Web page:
Oral thrush is an infection of yeast fungus, Candida albicans, in the mucous membranes of the mouth. Strictly speaking, thrush is only a temporary candida infection in the oral cavity of babies. However, we have for this purpose expanded the term to include candida infections occurring in the mouth and throat of adults, also known as candidiasis or moniliasis.
Thrush infections are common in people who have high blood sugar. Oral thrush may also be a side effect of antibiotic treatment, since antibiotics kill off good bacteria as well as infection, resulting in an imbalance in the body’s naturally occurring flora. Thrush is also common in people who suffer from anemia or have hormone related disorders.
Thrush usually develops suddenly, but it may become chronic, persisting over a long period of time. A common sign of thrush is the presence of creamy white, slightly raised lesions in your mouth—usually on your tongue or inner cheeks—but also sometimes on the roof of your mouth, gums, tonsils, or back of your throat. The lesions, which may have a “cottage cheese” appearance, can be painful and may bleed slightly when you scrape them or brush your teeth.
Two specific causes of oral thrush are a reaction to antibiotics and transmission from a mother with a yeast infection. The mouth of a postnatal baby undergoes certain changes following a dose of antibiotic medication that create a breeding ground for a fungus to develop. It is also possible for a mother to pass on a yeast infection to her child in the form of candidosis. The transmission occurs from exposure in the birth canal and oftentimes results in infection when the baby is from two to ten weeks old.
Diagnosing Oral Thrush
To make a diagnosis your doctor will ask about your diet and recent use of antibiotics or medications that can weaken the immune system. The doctor will also take into consideration any history of diabetes, cancer, HIV or other chronic diseases. Candidiasis is easy to identify. The yeast can be seen under a microscope after being scraped off the affected area. However, since yeast is normally there anyway, your doctor will want to be sure that it’s candida causing the problem and not something else.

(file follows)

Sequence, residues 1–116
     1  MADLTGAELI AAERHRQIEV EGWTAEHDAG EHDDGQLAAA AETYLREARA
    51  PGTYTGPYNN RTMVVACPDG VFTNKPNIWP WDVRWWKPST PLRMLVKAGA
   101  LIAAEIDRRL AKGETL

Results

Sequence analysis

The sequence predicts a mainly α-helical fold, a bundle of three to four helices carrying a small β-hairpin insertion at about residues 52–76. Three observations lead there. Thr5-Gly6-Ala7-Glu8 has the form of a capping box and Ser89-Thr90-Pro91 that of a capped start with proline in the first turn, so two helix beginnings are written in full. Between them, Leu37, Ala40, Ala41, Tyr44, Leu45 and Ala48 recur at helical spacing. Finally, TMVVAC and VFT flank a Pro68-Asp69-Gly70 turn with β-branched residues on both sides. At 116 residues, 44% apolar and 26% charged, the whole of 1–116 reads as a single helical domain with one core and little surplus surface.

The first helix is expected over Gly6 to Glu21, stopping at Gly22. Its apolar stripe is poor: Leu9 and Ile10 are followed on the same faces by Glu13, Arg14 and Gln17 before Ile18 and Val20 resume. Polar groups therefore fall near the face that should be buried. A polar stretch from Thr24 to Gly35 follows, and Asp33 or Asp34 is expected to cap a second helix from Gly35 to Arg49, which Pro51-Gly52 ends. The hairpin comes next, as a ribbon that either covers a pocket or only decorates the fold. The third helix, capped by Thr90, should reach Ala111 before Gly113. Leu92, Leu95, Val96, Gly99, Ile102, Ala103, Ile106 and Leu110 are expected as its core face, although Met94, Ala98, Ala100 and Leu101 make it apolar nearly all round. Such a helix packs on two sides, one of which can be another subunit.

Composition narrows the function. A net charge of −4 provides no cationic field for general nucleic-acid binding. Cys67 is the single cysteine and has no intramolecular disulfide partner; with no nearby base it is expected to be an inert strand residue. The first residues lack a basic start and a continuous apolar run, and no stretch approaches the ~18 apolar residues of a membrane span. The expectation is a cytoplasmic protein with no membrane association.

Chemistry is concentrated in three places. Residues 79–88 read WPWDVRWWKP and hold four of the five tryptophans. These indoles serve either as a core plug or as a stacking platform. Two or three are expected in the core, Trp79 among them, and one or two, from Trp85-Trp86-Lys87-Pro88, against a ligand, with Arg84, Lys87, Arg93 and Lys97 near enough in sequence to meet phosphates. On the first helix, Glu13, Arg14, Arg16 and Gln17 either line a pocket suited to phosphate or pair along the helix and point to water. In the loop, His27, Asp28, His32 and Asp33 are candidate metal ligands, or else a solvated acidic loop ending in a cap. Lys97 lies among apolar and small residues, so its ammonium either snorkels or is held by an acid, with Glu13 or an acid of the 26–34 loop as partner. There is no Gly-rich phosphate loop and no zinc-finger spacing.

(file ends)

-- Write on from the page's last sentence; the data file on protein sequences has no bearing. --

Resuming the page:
Tablets that contain drugs such as fluconazole and itraconazole will usually clear fungus and thrush infections from the body. These tend to be used in more severe or serious cases. For example, for people with a poor immune system who develop extensive oral thrush.
Oral candidiasis can be treated with topical anti-fungal drugs, such as nystatin (mycostatin), miconazole or amphotericin B. Patients who are immunocompromised, either with HIV/AIDS or as a result of chemotherapy, may require systemic treatment with oral or intravenous administered anti-fungals.
People that take antibiotic treatments, such as people with anemia, HIV patients, and people with immune system problems are at a high risk of oral thrush. Oral thrush may also effect people with thyroid problems and diabetes. Infants are at very high risk of getting oral thrush because they lack the protective bacteria that is needed to control the yeast. This protective bacterium is obtained by time through the exposure to the environment. It oral thrush occurs it will be difficult to eat, due to the sores in the mouth. It is recommended to drink plenty of liquids, this will aid in any dehydration.